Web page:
Russian imperialist policies in ice-hockey
A recent scandal concerning the name transliteration raised by a prominent Russian ice-hockey star Alexei Kovalev who has been transferred from the NHL club Pittsburgh Penguins to the Kontinental Hockey League (KHL) club Atlant Mytishchi raised many issues on the discriminatory policies applied by the Russian-based KHL officials. Kovalev successfully protested against the KHL rules which prescribe to write his surname as nothing but “Kovalyov” (he insisted that the only correct way of writing his surname is Kovalev). A reader should be reminded that apart from Russian teams the KHL has four non-Russian franchises: Barys Astana, Dinamo Riga, Dynama Minsk, Lev Poprad. Additionally the affiliated Russian major league has two non-Russian teams: Donbas Donetsk and Kazzinc-Torpedo Öskemen.
This story prompted me to look more thoroughly into the KHL regulations on name writing. Another reason for that was the continuous “Russification” of the surnames of Belarusian players of the KHL club Dynama Minsk as well as the same practice applied by other KHL clubs toward Belarusian players drafted by them. These regulations are set for 2011-2014, available online on the KHL website and are thus easily accessible for familiarization. They deal with the name writing of Russian and foreign (i.e. all non-Russian, incl. also Belarusian) names, as with providing rules how those foreign names should be transliterated into Latin letters and written in Russian. Thus, these two aspects will become the main focus of our analysis.
The regulations are unanimously applicable to everyone involved in the KHL activities, namely players, coaches, referees, clubs and the League management and other personalities (art. 1). Moreover, these regulations are obligatory for all structural units of the KHL holding (art. 2), including the Minor Hockey League (MHL) which includes two Belarusian clubs – Dynama-Šy?nik Babrujsk (previously known as Minskija Zubry Minsk) and Junactva Minsk.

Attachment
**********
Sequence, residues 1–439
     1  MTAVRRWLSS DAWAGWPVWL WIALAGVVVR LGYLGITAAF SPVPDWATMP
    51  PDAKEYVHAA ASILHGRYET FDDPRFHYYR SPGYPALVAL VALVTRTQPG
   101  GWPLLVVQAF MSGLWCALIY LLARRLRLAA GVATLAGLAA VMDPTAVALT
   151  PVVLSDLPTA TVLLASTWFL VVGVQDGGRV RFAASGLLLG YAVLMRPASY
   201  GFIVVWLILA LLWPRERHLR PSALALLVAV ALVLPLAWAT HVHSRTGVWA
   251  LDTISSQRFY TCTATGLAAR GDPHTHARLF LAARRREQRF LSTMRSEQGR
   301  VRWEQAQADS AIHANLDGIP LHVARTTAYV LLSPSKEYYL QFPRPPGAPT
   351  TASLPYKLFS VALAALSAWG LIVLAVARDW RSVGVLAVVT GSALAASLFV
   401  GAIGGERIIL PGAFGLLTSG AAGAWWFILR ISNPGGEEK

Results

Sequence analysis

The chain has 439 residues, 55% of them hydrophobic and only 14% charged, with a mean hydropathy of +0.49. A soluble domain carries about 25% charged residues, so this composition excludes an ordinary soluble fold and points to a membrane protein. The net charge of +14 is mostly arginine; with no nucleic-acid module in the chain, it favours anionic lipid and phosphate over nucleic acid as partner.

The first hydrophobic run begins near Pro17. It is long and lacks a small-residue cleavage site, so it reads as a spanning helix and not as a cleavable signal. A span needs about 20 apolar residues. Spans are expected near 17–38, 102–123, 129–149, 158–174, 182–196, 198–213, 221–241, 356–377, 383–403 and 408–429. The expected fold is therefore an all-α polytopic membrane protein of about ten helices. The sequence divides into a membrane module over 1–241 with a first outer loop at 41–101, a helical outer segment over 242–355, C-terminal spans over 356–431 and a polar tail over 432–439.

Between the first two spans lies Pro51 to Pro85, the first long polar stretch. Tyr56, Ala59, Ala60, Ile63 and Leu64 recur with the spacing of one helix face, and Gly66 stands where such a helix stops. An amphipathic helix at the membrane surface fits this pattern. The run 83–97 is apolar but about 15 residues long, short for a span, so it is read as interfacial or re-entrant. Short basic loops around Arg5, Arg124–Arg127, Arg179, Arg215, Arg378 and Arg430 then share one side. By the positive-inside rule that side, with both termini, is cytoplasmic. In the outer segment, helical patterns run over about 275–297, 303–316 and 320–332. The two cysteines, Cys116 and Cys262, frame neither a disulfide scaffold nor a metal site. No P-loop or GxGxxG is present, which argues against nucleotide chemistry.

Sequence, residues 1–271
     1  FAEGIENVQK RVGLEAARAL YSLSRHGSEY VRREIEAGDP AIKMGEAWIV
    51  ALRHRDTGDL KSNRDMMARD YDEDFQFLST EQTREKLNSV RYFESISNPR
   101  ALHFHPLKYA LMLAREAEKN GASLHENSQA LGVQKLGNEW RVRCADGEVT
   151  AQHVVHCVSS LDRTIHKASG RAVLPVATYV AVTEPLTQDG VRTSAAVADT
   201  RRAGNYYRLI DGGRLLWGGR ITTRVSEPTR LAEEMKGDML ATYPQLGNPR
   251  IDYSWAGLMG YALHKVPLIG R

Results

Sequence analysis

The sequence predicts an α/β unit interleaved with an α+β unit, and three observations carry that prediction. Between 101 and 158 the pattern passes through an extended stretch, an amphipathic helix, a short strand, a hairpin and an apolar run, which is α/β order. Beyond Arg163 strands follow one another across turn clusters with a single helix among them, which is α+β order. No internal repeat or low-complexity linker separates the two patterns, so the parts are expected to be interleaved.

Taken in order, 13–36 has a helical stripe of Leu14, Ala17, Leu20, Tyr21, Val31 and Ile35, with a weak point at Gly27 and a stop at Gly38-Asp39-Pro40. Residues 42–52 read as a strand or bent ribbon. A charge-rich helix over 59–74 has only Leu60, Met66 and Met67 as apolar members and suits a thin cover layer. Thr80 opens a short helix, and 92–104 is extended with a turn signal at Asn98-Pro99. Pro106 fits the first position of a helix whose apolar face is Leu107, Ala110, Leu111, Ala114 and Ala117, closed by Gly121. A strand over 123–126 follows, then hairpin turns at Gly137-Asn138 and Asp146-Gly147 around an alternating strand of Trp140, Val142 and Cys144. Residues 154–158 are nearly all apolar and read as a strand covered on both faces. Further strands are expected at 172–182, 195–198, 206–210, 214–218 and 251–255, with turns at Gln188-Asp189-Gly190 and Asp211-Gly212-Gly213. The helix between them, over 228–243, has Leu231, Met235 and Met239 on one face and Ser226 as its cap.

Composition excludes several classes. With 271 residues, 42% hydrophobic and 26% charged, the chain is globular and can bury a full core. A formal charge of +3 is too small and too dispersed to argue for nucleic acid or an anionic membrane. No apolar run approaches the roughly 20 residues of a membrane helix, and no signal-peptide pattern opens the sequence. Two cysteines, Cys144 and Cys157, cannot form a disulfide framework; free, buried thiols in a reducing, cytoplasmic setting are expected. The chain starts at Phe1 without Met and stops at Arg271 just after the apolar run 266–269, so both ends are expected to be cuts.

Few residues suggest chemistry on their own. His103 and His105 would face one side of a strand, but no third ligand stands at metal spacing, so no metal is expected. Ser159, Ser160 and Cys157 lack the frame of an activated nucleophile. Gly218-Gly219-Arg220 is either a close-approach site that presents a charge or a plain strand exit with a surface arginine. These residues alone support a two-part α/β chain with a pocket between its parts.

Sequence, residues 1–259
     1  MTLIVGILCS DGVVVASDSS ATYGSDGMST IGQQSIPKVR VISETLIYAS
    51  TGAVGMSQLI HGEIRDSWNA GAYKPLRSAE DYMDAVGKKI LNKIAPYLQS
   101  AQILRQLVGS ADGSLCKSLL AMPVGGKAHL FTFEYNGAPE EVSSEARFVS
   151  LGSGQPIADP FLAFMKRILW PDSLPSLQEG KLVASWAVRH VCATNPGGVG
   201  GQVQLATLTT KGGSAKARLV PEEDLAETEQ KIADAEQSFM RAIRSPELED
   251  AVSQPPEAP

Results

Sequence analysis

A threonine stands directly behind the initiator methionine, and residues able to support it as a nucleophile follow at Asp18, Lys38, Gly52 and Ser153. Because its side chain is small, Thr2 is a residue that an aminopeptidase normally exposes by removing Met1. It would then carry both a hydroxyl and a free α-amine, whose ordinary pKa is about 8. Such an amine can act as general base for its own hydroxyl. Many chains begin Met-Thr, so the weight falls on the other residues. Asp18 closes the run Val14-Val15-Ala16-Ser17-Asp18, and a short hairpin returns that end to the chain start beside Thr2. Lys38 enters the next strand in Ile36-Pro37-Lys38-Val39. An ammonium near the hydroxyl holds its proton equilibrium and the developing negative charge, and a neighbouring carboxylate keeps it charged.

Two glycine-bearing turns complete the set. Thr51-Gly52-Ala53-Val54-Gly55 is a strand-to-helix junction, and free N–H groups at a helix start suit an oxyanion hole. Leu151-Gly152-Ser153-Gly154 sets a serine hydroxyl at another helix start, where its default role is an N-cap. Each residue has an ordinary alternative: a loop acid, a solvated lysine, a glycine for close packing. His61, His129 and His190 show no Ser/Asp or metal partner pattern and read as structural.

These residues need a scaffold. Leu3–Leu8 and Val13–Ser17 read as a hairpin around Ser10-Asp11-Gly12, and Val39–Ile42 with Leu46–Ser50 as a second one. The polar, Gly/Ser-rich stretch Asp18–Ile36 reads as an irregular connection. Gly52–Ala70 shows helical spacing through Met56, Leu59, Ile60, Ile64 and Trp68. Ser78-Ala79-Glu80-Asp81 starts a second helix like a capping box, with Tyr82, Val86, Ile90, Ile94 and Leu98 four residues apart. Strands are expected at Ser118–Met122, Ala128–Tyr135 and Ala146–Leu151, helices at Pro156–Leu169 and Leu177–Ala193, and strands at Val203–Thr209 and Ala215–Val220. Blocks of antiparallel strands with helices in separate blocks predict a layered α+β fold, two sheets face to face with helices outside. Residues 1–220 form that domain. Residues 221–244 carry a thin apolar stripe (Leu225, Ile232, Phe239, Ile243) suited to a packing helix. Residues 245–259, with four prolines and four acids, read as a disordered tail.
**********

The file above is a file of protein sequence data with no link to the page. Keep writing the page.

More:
The KHL officials recognize that the name writing according to these “regulations” may not always comply with other documents, for instance those issued by the Russian Federal Migration Service (art.3). The basic principle applied by the KHL is thus the “practical transcription” so that foreign names are transliterated according to the historically vested orthographic system of the Russian language so that the method of including words from one language in another may preserve an approximate profile of those words and so that the writing in original and the settled traditions are being considered (art. 5). Any dispute that may arise from those regulations is a subject of a conclusive decision of the KHL officials (art. 6).
These provisions imply that the KHL applies its own provisions that might be different from the official documents. Hence, potentially a huge difference may be created between the official name writing in the original document and on the KHL shirts of a certain player. It implies that the regulations create new personalities different from those known according to the official documents. This was one of the major arguments of Alexei Kovalev who argued that a person with the surname “Kovalyov” is just another person but not him. This is just a discrepancy within the transliteration system of the Russian language itself but it might be even greater if we deal with other languages.